She nodded.

"But don't go poking about in places where humans don't belong," he cautioned her. And he tweaked her nose. He walked back to the console, and she followed him. "What is a spiritual creature anyway?" he asked her. He had the tone of quizzing her. "Do you know?" He sat down by the console and tool up a few tools.

"Not really. Do you?" She sat down by the tools as he rolled onto his back and once again slid under the console.

His voice was both muffled and ironic. "I sometimes think that humans equate being spiritual with being made of air. In which case, a balloon is more spiritual than the most spiritual of humans."

"We equate it with---" She paused, trying to hammer out these unusual thoughts. "With not being physical, I suppose."

"In which case, Jesus was not spiritual. Nor Ghandhi, for that matter. Or Buddha. Or anybody."

"All right." His objection should have been obvious. "Then I suppose it has to do with being above physical things or beyond them somehow."

"Didn't this Fomalhaut person make honey for you? That's pretty earthy and physical."

"Well, she made some sort of food for the spidery creature. And the spider thing made the honey."

His voice when it came from under the console came out with a note of caution. He was trying to point out the fallacy of what she had observed without prompting an argument. "Of course, you know that spiders don't make honey."

"They don't have only six legs, and they're not the size of a small jet, either," she added. "I didn't say it was a perfect spider. It was like a spider."

"That's done it." He gave the insides of the console a satisfied rap. Then he pushed himself out from it and looked at her. "In point of fact, Sarah Jane, I don't think there is such a thing as spiritual entities. I think that human beings made a distinction between what is easily recognizable as earthly and what is not. Whatever they could not explain, they called spiritual. Or magic. Or evil. Or god. Just depends on how they perceived those parts that they could perceive of it." He sat up.

She shook her head. She had to concede a certain validity to him, so she did. But that didn't make him right. "Maybe we are straining to see shadows. But there could really be something there, Doctor."

"All right." His voice was patient again, like a teacher leading a prized pupil. "I'm asking you to define it. What is a spiritual creature?"

She was at the end of what she could guess. "I don't know," she said. "But I met something great and powerful in those caves. I know I did. It wasn't just another life form. It was something different altogether."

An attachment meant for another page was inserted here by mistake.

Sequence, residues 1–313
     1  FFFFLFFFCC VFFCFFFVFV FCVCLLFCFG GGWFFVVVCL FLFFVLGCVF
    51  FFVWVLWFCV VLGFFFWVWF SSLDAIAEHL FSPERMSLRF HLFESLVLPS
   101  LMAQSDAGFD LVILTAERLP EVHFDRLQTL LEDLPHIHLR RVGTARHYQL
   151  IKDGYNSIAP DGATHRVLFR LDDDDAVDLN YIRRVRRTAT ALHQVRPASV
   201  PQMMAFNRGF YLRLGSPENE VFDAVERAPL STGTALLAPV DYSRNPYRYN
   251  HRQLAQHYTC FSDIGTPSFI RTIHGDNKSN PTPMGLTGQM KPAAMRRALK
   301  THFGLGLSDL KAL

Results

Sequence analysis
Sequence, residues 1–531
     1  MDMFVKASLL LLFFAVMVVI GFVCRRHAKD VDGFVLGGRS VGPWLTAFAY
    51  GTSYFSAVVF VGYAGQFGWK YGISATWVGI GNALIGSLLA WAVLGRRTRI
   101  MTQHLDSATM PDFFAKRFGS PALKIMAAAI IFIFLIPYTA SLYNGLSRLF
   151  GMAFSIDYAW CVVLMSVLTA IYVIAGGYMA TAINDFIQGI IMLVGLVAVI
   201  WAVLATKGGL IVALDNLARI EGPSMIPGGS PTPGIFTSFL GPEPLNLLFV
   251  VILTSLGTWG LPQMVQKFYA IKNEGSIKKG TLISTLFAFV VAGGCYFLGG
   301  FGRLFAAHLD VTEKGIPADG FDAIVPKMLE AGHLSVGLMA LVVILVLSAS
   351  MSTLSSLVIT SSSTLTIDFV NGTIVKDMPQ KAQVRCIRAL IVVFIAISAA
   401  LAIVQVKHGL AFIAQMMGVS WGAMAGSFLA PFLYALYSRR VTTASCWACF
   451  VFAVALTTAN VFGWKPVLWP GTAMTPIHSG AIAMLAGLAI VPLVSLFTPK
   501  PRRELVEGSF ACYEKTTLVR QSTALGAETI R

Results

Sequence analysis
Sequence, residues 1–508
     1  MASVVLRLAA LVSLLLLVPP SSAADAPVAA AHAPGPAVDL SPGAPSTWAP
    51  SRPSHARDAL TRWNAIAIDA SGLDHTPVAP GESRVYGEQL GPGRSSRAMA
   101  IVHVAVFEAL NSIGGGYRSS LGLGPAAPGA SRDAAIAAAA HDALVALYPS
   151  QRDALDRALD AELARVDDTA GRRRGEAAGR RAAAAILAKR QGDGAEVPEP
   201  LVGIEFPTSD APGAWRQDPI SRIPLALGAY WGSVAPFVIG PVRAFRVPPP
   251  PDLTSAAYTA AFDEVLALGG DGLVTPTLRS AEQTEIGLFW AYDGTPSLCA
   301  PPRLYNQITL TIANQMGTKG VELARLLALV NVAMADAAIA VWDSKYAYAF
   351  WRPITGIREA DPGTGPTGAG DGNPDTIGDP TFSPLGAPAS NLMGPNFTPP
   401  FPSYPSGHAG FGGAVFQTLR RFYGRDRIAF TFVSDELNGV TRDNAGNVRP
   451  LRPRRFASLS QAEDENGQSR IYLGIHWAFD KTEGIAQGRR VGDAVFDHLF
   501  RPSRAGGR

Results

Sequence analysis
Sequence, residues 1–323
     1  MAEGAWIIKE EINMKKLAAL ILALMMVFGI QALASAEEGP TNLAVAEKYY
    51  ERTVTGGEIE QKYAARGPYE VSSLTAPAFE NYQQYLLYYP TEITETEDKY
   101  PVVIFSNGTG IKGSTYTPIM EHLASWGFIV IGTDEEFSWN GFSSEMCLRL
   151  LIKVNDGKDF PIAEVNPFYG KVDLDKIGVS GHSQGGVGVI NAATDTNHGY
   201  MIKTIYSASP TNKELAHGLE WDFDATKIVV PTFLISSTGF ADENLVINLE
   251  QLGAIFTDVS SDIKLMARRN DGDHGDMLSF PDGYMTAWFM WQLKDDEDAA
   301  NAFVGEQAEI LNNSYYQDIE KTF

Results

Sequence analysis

He inclined his head. He could not really argue with her because he had never joined in the encounter. So he changed the subject. "Well the time differential harmonics equalizer is fixed." He stood and began to gather up his tools.

She looked up at him. "What's that mean?"

"It means that all I need to do is flip this toggle, and the old girl will be operational again." He suited his actions to his words, and with one arm full of tools, he used his free hand to flip a toggle on the console. A great spray of blue sparks and arcs shot out from the open section of the console. Sarah Jane let out a short scream of surprise. "Oh blast!" the Doctor exclaimed, and he dropped the tools back to the floor. "The whole thing's shorted out!"

* * * *

It always took the Doctor far longer to work on his projects than he ever estimated. But Sarah felt out of sorts and just a little bit sleepy. She didn't become impatient. She handed him his tools, and she sorted through his box of "pieces," as he called the assortment of jury-rigged devices that he had created in previous emergency repairs, and she wrote up some notes for him while he had his head under the console. She could not see his face, as he was busy under the console, but if she could, she would have noticed a gradual look of concern appear on his lined features as she quietly handed him what he wanted and didn't always answer back when he twitted her.

At last he slid out. "I'm all in," he said. "What about tea?"

"Tea here in the lab, tea at some lovely tea place where we can get fresh cream cakes?" she asked him. He squinted at her. At the moment, she seemed her old self.

"Tea here in the lab," he told her. "I want you all to myself. I think we need to talk."

"Oh all right. I suppose I'll have to make it, then," she said. She stood up and dusted herself off. "I'll have to wash up. Those tools of yours had smudgy stuff on them."

His eyes got big with indignation "High grade synthesized non-oxidizing Federation oil is not mere smudgy stuff!"

She made her voice saucy "Well what gets it off then, soap and water? Or will it require high grade Federation whatsit?"

He gave a short nod. "A bit of whatsit. Cleaning solvent from the 21st century. I've got some alongside the sink in the lab. I'll show you." He linked his arm in hers and was surprised, but didn't show it, when she held onto his arm very tightly and walked out with him just that way. She was usually far too independent to allow such a thing.

At the large lab sink, which was quite roomy, he opened the tap and rummaged on the shelf over the faucets. The shelf held the electric kettle and the tins of tea, sugar, powdered milk, and coffee. It also held several small containers of different cleaning and first aid agents.